Isolates tested (n) Resistant Viruses,
    Number (%)
    Isolates tested (n) Resistant Viruses, Number (%)
    Oseltamivir Zanamivir Adamantanes
    Influenza A (H1N1) 325 321 (98.8%) 0 (0) 325 2 (0.6%)
    Influenza A (H3N2) 54 0 (0) 0 (0) 54 54 (100%)
    Influenza B 125 0 (0) 0 (0) N/A* N/A*
    *The adamantanes (amantadine and rimantadine) are not effective against influenza B viruses.

    Influenza A (H1N1) viruses from 35 states have been tested for antiviral resistance to oseltamivir so far this season. To date, all influenza A (H3N2) viruses tested are resistant to the adamantanes and all oseltamivir-resistant influenza A (H1N1) viruses tested are sensitive to the adamantanes. Influenza activity in the United States increased this week with influenza A (H1N1) viruses predominating overall. However, the level of activity and the relative proportion of circulating virus types or subtypes have varied by region and may vary over the course of the season. This presents challenges for the selection of antiviral medications for the treatment and chemoprophylaxis of influenza and highlights the importance of testing patients for influenza and consulting local surveillance data when evaluating patients with acute respiratory infections during the influenza season. CDC issued interim recommendations for the use of influenza antiviral medications in the setting of oseltamivir resistance among circulating influenza A (H1N1) viruses on December 19, 2008. These interim recommendations are available at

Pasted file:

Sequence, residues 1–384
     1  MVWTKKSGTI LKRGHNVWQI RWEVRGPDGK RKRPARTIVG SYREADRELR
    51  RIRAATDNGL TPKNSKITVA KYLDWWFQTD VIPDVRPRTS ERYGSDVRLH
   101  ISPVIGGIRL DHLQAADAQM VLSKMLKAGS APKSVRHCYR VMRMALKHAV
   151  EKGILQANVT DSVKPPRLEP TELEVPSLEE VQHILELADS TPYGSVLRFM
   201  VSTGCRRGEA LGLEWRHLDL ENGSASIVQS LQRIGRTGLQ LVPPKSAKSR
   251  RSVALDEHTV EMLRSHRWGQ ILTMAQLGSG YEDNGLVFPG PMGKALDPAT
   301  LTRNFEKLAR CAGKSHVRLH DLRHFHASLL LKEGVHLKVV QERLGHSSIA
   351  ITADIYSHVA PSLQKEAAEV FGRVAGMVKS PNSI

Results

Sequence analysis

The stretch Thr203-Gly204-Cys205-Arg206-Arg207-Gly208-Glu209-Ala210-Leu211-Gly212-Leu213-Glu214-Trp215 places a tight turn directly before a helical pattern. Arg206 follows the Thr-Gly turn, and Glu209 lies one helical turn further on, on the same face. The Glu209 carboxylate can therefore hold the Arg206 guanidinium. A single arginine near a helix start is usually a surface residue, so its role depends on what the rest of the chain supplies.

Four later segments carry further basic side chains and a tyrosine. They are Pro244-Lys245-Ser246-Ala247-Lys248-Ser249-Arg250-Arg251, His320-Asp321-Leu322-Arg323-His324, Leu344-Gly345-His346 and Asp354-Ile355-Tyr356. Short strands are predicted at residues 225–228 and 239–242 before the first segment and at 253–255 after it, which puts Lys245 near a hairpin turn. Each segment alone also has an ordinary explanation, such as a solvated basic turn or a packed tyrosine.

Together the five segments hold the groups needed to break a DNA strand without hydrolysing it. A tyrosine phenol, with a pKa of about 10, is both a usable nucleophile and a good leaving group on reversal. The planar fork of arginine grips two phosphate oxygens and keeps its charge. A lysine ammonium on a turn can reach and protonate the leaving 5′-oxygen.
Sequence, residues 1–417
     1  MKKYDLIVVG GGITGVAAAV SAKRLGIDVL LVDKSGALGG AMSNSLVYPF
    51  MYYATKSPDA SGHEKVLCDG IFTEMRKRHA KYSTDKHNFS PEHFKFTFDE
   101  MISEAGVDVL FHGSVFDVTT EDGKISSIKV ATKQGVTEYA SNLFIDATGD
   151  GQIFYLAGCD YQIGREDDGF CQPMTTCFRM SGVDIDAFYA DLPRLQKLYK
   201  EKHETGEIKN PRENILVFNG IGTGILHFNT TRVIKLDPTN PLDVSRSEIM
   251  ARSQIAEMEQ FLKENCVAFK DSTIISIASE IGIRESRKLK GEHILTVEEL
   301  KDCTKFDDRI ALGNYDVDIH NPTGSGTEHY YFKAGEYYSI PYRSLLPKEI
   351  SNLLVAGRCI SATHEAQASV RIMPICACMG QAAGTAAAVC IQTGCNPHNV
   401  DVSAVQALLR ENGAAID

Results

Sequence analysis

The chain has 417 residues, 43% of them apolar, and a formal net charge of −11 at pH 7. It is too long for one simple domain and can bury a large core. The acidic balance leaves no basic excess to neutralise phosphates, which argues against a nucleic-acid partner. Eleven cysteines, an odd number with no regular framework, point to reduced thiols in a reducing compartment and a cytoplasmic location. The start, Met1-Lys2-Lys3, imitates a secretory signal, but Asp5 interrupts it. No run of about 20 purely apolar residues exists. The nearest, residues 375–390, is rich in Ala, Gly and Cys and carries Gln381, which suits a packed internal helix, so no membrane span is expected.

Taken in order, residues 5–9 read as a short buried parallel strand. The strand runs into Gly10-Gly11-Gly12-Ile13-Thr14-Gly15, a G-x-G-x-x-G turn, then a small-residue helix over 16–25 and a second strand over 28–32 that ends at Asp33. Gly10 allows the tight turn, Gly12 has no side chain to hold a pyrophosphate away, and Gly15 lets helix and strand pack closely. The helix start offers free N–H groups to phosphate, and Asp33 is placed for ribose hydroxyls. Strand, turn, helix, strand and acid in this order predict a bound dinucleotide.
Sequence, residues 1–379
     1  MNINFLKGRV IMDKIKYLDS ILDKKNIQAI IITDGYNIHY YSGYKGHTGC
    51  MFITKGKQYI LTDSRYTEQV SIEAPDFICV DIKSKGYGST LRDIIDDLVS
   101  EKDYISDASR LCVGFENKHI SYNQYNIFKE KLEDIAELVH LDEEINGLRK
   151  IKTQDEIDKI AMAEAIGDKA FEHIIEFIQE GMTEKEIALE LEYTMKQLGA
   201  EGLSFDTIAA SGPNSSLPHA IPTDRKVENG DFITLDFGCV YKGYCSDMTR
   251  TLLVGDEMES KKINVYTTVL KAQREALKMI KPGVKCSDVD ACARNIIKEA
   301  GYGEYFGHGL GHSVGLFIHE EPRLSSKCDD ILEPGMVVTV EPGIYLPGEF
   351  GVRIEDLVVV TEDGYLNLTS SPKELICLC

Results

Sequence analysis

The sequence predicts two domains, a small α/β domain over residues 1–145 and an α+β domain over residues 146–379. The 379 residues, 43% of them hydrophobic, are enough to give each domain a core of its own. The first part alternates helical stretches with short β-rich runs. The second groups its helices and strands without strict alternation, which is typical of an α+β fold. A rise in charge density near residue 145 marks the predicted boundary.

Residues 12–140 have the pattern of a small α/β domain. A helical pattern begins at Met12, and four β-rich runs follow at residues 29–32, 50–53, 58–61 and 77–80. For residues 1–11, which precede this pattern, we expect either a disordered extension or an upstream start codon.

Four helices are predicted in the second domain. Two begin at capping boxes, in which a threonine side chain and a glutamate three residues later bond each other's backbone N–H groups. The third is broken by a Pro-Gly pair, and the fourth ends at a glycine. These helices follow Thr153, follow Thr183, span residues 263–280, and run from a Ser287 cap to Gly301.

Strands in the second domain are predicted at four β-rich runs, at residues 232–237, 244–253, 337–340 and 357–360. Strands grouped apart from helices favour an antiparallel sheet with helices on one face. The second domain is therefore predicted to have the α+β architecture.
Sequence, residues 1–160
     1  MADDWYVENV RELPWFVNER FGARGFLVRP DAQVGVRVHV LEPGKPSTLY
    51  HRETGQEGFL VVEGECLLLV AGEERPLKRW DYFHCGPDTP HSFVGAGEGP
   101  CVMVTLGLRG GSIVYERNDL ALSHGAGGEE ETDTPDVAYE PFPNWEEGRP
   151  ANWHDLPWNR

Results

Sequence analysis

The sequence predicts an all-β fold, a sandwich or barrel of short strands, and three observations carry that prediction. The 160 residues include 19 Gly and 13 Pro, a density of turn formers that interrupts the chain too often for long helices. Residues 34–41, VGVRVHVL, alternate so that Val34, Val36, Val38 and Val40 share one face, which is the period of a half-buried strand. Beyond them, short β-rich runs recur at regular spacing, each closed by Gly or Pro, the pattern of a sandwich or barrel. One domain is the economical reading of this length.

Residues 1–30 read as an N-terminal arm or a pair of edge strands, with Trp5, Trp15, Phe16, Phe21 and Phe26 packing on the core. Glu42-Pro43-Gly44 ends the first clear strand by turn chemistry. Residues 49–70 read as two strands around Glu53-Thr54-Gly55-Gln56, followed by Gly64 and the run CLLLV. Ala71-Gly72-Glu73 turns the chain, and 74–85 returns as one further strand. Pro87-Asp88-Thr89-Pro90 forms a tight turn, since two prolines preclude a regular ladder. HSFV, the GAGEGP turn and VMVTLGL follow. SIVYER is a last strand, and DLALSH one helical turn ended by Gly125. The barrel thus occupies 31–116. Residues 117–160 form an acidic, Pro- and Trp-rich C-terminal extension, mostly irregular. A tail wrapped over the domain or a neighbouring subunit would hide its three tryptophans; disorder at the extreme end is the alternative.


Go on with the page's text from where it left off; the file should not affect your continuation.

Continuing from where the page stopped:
Pneumonia and Influenza (P&I) Mortality Surveillance

    During week 7, 7.4% of all deaths reported through the 122-Cities Mortality Reporting System were due to P&I. This percentage is below the epidemic threshold of 8.0% for week 7.

    Pneumonia And Influenza Mortality
    View Full Screen

    Influenza-Associated Pediatric Mortality

    Eight influenza-associated pediatric deaths were reported to CDC during week 7 (Arizona, Colorado [2], Massachusetts and Texas [4]). The deaths reported this week occurred between February 1 and February 18, 2009. Since September 28, 2008, CDC has received 17 reports of influenza-associated pediatric deaths that occurred during the current season.

    Bacterial coinfections were confirmed in 10 (58.8%) of the 17 children; Staphylococcus aureus was identified in eight (80.0%) of the ten children. Three of the S. aureus isolates were sensitive to methicillin, four were methicillin resistant, and one had no sensitivity results reported. Eight (80.0%) of the 10 children with bacterial coinfections were 12 years of age or older. An increase in the number of influenza-associated pediatric deaths with bacterial coinfections was first recognized during the 2006-07 influenza season. In January 2008, interim testing and reporting recommendations were released regarding influenza and bacterial coinfections in children and are available at (

    Influenza-Associated Pediatric Mortality
    View Full Screen

    Influenza-Associated Hospitalizations